by Jacob Godwin (@Droppingbows)
“The Last of McGuinness,” is a documentary put together by Nigel McGuinness that documents his retirement tour from professional wrestling, however the heart of the documentary is the tale of a man who comes so close to achieving his dream only to have it taken away from him. This isn’t Hollywood, there is no fairy tale ending. We follow Nigel on his last journey as a professional wrestler. Nigel tells the tale of being offered a WWE contract, having the offer revoked, his time in TNA, and the events that brought that time to an end. We travel with Nigel on his journey to acceptance, acceptance that he will never reach his dream and therefore feels pro wrestling career failed and decides to end it. Along the way we meet others in the business. Nigel debates serious topics with his peers such as the business, injuries, the suicide epidemic, the blood debate, and along with that the damage internet “reporting” can do.
Overall, this is a must watch for any wrestling fan. Admittedly, it’s not easy at times, as you are watching a man deal the fact that he has failed achieve his dream, and as revealed early on, it’s largely no fault of his own. Nigel spends much of the documentary being righteously bitter and you find yourself cheering on others as they attempt to help him cope. Being that the events in the documentary take place around Christmas, you want so much for that Christmas miracle to happen, for Nigel to receive a letter, a phone call, hell a telegram, from WWE saying they’ve changed their minds and want to offer him a job. Unfortunately, this is real life, and Christmas miracles do not exist.
You may ask yourself, how can Nigel consider a career such as his a failure, At the risk of ruining my credibility, I’ll willingly admit that I didn’t know of Nigel McGuinness before his wrestling career in Ring of Honor was done. I’ve been a life long wrestling fan, but at that time had never found a way into watching the indies. Most of my friends, who were wrestling fans growing up turned out to largely be Attitude Era fans, my girlfriend at the time would mock me when I watched it, and the people I was living with at the time were never fans and were not interested. I didn’t go out of my way to watch professional wrestling. I had become the epitome of a casual wrestling fan. Also further risking my credibility, at the time I was a bigger fan of TNA than WWE, and watched its television product more. Needless to say, in 2009, when McGuinness debuted in TNA as Desmond Wolfe and began feuding with Kurt Angle he was a new wrestler in my eyes and quickly became a weekly highlight for me. Just having recently watched it again I can accurately say it’s something I still enjoy today. However, as we all know, Desmond Wolfe’s time in the spotlight at TNA was short. I won’t go into detail, because Nigel covers it throughout the documentary, but Change came to TNA at the beginning of 2010, and as we all know it hasn’t been the same since.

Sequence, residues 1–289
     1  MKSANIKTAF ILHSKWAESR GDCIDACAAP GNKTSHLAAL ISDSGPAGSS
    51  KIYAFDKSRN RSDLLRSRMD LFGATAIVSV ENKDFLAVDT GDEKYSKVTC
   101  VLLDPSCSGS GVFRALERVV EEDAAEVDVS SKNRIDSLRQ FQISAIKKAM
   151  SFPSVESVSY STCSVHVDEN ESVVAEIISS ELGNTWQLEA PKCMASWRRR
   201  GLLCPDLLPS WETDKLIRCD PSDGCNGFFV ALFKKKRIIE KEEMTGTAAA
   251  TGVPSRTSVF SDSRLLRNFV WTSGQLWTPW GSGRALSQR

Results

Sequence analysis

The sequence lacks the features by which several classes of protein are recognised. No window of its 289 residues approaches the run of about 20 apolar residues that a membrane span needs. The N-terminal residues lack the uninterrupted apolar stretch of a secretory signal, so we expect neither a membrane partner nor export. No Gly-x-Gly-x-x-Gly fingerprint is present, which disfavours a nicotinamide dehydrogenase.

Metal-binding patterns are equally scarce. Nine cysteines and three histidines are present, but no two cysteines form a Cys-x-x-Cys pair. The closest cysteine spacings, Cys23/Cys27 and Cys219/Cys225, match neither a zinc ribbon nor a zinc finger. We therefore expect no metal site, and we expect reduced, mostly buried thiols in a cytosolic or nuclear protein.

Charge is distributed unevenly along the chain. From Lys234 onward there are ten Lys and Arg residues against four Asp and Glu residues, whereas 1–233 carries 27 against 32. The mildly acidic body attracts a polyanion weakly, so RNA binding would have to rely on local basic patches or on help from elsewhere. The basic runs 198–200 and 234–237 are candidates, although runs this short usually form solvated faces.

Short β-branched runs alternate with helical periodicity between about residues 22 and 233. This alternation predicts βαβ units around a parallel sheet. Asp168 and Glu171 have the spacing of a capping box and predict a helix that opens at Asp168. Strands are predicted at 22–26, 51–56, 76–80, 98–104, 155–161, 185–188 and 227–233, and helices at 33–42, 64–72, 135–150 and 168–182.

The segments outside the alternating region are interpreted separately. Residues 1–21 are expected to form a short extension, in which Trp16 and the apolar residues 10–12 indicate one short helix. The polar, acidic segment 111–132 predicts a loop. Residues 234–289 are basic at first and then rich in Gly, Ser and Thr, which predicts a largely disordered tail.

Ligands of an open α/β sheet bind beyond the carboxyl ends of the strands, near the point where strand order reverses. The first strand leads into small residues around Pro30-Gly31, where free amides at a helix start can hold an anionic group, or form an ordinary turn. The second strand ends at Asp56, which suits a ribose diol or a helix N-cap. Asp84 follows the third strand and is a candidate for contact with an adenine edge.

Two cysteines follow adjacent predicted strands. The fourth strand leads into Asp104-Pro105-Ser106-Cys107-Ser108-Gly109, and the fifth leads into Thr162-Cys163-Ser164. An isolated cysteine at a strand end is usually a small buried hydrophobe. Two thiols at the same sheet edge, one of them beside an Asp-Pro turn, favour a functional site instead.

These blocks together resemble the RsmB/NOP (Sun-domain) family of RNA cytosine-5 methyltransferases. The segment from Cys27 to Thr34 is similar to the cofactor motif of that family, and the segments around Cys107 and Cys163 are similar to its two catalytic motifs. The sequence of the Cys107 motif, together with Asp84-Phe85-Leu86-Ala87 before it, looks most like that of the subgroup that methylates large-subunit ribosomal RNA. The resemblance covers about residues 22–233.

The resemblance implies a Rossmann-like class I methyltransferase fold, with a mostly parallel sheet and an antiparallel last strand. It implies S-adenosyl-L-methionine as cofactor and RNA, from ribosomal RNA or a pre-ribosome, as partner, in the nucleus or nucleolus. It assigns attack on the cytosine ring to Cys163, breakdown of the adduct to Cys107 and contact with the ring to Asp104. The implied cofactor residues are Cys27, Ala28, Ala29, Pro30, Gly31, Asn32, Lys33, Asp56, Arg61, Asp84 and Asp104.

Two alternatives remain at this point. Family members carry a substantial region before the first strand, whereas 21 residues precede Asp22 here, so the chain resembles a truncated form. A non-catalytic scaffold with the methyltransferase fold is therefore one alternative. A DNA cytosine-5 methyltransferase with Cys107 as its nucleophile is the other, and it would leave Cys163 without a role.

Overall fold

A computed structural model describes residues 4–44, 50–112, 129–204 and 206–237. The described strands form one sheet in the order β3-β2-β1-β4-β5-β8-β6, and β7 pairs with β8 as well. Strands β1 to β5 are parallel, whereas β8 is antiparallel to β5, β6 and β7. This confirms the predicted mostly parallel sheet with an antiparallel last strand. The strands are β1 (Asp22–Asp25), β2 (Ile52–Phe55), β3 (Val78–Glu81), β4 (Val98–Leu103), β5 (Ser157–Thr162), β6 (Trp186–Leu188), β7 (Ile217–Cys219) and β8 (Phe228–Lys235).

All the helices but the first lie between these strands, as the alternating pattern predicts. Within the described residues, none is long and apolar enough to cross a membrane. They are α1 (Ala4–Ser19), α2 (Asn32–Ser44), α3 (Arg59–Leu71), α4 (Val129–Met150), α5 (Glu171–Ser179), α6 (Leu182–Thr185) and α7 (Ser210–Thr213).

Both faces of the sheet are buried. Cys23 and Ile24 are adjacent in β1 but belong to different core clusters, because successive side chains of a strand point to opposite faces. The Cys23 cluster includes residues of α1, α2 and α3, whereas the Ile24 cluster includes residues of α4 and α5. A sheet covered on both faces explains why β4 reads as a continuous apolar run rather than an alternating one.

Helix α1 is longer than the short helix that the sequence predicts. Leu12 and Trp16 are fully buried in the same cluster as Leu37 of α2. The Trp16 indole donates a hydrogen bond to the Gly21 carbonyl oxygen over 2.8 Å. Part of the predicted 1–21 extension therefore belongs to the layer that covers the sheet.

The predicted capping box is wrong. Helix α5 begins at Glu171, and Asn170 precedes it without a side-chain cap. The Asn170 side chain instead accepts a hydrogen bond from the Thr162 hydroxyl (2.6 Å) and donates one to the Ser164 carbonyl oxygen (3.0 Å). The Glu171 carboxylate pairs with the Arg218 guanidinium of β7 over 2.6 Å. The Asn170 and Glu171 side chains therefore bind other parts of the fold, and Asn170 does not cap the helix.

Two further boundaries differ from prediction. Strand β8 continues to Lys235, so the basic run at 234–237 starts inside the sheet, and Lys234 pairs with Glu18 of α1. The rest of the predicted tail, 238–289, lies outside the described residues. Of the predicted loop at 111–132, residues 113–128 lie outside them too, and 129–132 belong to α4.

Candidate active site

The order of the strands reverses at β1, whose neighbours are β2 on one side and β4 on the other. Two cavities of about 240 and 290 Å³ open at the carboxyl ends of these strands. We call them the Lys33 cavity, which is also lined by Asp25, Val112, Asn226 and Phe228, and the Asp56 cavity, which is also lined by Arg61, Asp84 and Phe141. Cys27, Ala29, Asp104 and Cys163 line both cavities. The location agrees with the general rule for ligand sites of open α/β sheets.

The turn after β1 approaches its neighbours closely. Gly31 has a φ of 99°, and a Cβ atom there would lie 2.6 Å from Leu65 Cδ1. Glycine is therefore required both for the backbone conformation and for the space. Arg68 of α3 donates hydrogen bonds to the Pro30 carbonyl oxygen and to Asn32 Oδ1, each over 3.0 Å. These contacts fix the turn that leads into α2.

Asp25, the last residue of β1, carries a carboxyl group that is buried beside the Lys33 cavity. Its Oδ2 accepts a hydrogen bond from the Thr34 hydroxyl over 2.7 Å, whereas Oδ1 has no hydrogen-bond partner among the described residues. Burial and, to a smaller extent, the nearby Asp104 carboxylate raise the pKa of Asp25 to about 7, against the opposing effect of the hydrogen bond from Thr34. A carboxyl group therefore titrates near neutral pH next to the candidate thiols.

It wasn’t until late 2010-early 2011 I discovered Ring of Honor, and really saw what Nigel McGuinness could do, and I’ve been a megafan of his since then. So if this is the case, if I know of Nigel McGuinness, if I’ve spent hours of my life, watching his wrestling, his interviews, his documentary along with the extras DVD (which in total clocks in at approximately 4 hours), if all of this is true for me and thousands of others, how can this man consider himself a failure?
Nigel answers this quite bluntly in the documentary by saying, “Fuck you for caring!”
In a business that revolves around its fan base we as fans frequently forget that sometimes it’s not about us. When we leave the arena, turn off our televisions, these larger than life characters are just people trying to earn a living like you and me. Nigel’s dream was to be a WWE superstar, and while he was there make enough money off of wrestling to retire. Nigel realized that barring an interesting chain of events, that dream will never happen, even though he had proved he was good enough to be there. Nigel decided on his own to quit wrestling on his own terms, before wrestling forced him to quit. The casual wrestling fan will never know of his fantastic matches against his peers who achieved there dream such as though now known as Antonio Cesaro, Seth Rollins, and Daniel Bryan. The fact that’ve will not attain this level of success is what tears at Nigel throughout this documentary. When you are lying in bed at night,it’s not about what others think of you, it’s what you think of yourself.
Being that the events of this documentary ends before Nigel’s inner journey is over you are left wondering did Nigel ever reach acceptance. I feel in a large way he did. The only problem I have with his documentary is its title. While McGuinness may consider his wrestling days done, we certainly haven’t seen the last of Nigel, as he remains an important part of Ring of Honor as on screen matchmaker and occasional commentator. It is because of this I had the opportunity to meet Nigel, and personally buy this documentary from him.I talked to him briefly and watched as he interacted with others in the crowd. Nigel’s passion for pro wrestling has not faded. It’s clear he still loves the sport. Nigel has also become an advocate against intentional bleeding in wrestling, a controversial topic that probably makes just as many enemies as supporters. As I write this, Wrestling Cares a wrestling organization, he has been integrally involved in that gives back to non profit organizations just wrapped up its first year last night. It’s inspiring to see man continue to give so much to a business that gave up on him. I think it’s very fair to say we haven’t seen the last of McGuinness and I’m anticipating the next part of his journey.